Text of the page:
Royal Pigeon Racing Association bans racers on cocaine doping charges

A team of carrier pigeons are under investigation after allegedly feeding birds cocaine to make them fly faster.

Staffordshire riders Ricky McGraw, 37, Kierren Clegg, 36, and Malcolm Preece, 56, were suspended by the Royal Pigeon Racing Association this week after a winning streak.

Their birds’ droppings tested positive for the Class A drug, but they vigorously denied the doping claims and appealed the decision to ban them.

Under investigation: Staffordshire riders Ricky McGraw (right), 37, Kierren Clegg (left), 36, and Malcolm Preece, 56, were suspended by the Royal Pigeon Racing Association this week

They claim that their pigeons’ samples were contaminated because they were taken from a pub where races start and end.

Kierren Clegg told Sun: ‘I didn’t even know cocaine helped birds.

“They tested it in a pub. You talk about cross contamination. They should have tested in the loft we share.

Malcolm’s son Craig, 30, added: “My dad had nothing to do with it. Pigeon races normally start and end in a pub. They test the bird’s poo, but it doesn’t. should not be done in a pub.

But RPRA president Les Blacklock dismissed claims that the sample was contaminated, adding that it was the only one in 80 to come back positive.

Kierren Clegg has denied the allegations, saying the pigeons' samples were contaminated because they were taken from a pub.

Kierren Clegg has denied the allegations, saying the pigeons’ samples were contaminated because they were taken from a pub.

In a 2010 study, it was discovered that pigeons fly faster when cocaine is inserted into their grain.

If found guilty of feeding the birds the Class A drug, runners could be given a three-year ban.

It is the latest scandal to rock the pigeon world after Britain’s top pigeon fancier admitted to cheating in July.

Eamon Kelly, 52, was the title holder of the National de Tarbes, hailed as the most coveted title in pigeon racing.

But he may now have to leave the sport in disgrace after his deception comes to light.

Disgraced: Britain's top pigeon fancier Eamon Kelly faces a lifetime ban from the sport after being exposed as having cheated to claim the coveted Tarbes National top spot

Disgraced: Britain’s top pigeon fancier Eamon Kelly faces a lifetime ban from the sport after being exposed as having cheated to claim the coveted Tarbes National top spot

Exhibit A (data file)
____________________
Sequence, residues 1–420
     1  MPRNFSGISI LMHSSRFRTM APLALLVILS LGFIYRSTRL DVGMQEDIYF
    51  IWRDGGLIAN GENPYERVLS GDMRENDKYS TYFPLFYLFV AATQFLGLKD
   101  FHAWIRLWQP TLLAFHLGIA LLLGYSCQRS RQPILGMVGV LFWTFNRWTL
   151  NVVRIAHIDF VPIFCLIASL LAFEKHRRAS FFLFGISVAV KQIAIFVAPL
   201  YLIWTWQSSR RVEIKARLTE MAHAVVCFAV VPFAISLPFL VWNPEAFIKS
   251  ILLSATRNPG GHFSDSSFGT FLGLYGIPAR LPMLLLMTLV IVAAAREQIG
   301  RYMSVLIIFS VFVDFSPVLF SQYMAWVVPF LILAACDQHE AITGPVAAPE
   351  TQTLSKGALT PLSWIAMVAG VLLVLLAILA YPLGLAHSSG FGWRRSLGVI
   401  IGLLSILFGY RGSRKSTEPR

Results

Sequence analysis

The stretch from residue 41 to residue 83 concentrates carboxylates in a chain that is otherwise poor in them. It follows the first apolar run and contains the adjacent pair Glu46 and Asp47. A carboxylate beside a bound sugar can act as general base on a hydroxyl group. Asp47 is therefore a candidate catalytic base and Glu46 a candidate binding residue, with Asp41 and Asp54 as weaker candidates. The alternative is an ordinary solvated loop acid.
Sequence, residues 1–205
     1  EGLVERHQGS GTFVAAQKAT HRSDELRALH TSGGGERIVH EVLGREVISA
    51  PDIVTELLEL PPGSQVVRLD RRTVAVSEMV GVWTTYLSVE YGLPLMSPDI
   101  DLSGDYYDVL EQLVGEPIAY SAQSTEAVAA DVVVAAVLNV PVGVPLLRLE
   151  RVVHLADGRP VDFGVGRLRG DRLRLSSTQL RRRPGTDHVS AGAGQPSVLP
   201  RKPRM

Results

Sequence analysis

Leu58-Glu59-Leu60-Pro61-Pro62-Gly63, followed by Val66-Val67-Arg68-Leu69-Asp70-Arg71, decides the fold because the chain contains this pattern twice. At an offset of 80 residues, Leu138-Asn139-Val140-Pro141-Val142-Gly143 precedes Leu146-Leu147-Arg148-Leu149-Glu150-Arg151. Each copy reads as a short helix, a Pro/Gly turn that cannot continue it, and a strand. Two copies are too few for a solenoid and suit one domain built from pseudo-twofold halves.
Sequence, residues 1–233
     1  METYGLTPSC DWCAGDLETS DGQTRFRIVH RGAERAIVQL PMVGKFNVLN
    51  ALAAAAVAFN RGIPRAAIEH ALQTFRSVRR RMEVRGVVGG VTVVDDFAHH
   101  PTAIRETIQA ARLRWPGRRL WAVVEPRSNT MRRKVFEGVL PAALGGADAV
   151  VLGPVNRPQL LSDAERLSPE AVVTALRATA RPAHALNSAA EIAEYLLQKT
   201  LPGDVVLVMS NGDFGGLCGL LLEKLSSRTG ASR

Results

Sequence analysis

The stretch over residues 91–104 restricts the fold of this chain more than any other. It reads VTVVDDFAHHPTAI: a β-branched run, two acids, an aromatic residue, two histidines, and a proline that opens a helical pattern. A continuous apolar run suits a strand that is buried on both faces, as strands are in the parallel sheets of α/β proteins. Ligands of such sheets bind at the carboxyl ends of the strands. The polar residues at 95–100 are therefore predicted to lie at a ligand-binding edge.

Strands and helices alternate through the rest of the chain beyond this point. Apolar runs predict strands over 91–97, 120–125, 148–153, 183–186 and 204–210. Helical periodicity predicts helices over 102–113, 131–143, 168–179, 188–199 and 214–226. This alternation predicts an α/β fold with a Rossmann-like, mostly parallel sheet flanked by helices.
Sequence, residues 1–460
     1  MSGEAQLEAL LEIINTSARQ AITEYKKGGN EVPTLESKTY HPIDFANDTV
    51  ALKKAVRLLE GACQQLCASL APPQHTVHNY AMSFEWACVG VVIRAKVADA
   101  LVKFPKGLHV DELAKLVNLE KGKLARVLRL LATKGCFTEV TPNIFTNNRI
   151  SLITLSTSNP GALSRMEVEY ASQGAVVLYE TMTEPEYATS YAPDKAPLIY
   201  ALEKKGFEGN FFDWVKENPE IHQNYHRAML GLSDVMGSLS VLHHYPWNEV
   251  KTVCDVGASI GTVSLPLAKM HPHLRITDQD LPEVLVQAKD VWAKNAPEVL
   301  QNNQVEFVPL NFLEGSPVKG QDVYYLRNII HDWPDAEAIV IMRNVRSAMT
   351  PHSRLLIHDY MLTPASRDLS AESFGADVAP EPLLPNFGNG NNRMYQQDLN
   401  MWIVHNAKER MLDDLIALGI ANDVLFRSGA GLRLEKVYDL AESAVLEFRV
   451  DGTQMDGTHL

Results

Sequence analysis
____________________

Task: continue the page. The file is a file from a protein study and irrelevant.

He claimed that his pigeon first returned to Great Britain from Tarbes in the south of France by recording a catch-up time using the electronic tag system.

But in reality, his bird had never left his loft in Didcot.

HOW DID THE PIGEON-RACING CHEAT EAMON KELLY?

  • Eamon Kelly registered 14 pigeons in the hotly contested Tarbes National
  • He sent a second team of birds to the south of France by truck with 2,200 other competitors
  • As the second team made the 580 mile return trip, the first team were happy in their loft in Didcot, Oxfordshire
  • He estimated a likely winning time and registered one of his birds as having returned home using the electronic tag system.
  • His winning bird would have made the trip at an average of 40 mph
  • But the race organizers grew suspicious when they realized other birds, flying at an average of 39 mph, were far from home.

The fancier had entered 14 pigeons in the race and kept them in his loft while sending a different set to France with the other competitors.

As the second set began its journey across the Channel, Mr Kelly calculated a likely winning time.

He then took a bird from his loft and recorded it as having returned using a microchip tag on his body.

In a statement, he said: “I, Eamon Kelly, sincerely apologize to all my friends and fans for my stupid actions regarding the recent Tarbes race.

“I was tempted and fell, a decision I will regret for the rest of my life. A sport that I love so much, which gave me incredible pleasure and above all a friendship which I ruined everything. ‘


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